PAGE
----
A thought from the pen of George Swinnock (c. 1627-1673), on the topic of prayer. It is based on Psalm 50.15, where we read, “Call upon Me in the day of trouble; I will deliver you, and you shall glorify Me.”
“God is so gracious that He condescends to converse with poor, sinful, dust and ashes. Prayer is one of the most pleasant ways He has appointed for children of men to walk with Him. His children whisper to Him in the ear, and open their minds and hearts as His intimate friends. Prayer is our chief duty and brings heaven down to man. There is no duty that has so many promises attached to it, gives more honour to God, or which receives more honour from God. It is a guard to secure the fort of the heart, a porter to keep the door of the lips, and a shield to protect the hands. It perfumes every relation and profits every condition. No one can deprive you of this privilege. You can pray with Peter on the house top, with Jonah at the bottom of the ocean, walking in the field with Isaac, and with our Saviour on the mountain, or in a prison with Paul. Every saint is God’s temple and may pray anywhere. Every house is a house of prayer. Prayer is pouring out the soul to God in the name of Christ, crying, ‘Abba, Father!’ A prayer in a moment can fly to the highest heavens. It is a sweet savour to God, a terror to the devil, and a shelter to a Christian. Bernard calls it the conqueror of him who is invincible, and Luther says that it is omnipotent. By prayer fire has been quenched, water divided, the mouth of lions stopped, iron gates opened, the windows of heaven opened, the course of nature overturned, diseases removed, health restored, sin subdued, grace bestowed, kingdoms supported, enemies scattered, the blind restored, and devils cast out. Prayer is the midwife to bring mercies to the believer that were conceived in the wounds of promise. God commands His people if they are in any perplexity to call upon Him in the day of trouble and He will hear.”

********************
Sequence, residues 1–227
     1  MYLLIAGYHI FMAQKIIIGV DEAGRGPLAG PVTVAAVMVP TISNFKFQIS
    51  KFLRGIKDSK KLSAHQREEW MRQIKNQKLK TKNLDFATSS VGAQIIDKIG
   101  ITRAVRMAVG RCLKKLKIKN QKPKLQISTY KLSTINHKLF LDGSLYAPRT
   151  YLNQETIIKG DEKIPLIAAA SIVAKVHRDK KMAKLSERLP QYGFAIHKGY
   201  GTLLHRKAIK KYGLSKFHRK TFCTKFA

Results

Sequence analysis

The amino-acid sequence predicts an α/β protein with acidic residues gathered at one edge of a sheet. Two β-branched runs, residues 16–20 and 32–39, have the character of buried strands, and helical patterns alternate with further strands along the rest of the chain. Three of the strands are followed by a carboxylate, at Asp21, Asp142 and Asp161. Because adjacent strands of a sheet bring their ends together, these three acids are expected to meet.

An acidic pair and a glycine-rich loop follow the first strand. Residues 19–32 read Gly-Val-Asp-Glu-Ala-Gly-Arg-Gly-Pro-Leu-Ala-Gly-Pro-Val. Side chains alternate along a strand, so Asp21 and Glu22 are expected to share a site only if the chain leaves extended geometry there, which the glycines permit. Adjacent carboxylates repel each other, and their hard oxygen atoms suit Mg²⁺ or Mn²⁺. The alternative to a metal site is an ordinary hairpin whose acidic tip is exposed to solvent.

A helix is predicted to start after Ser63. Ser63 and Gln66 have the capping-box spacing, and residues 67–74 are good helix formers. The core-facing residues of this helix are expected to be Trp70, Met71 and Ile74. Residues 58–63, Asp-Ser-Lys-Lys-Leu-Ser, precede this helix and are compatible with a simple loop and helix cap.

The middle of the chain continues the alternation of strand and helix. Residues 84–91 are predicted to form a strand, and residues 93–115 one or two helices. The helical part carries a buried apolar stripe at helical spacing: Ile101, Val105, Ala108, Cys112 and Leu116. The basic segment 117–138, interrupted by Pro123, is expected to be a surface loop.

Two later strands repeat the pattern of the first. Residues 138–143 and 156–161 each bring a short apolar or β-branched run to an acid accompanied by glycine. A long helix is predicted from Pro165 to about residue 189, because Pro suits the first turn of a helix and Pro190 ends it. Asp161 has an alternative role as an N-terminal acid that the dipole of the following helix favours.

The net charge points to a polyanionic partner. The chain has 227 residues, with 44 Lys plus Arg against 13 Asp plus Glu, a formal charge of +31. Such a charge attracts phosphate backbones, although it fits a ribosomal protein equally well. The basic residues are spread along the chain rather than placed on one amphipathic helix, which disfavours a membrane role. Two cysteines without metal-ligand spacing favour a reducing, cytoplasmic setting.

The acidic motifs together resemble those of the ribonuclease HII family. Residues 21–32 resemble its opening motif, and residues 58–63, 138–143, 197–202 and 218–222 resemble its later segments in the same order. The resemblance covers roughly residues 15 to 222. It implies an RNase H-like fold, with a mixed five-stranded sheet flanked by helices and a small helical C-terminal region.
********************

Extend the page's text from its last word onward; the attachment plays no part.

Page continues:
Let not your heart be troubled.
Glory be to God!
Rev. Anthony Rivera
 Richard Rushing, ed., Voices from the Past: Puritan Devotional Readings (Edinburgh: Banner of Truth Trust, 2009), 315.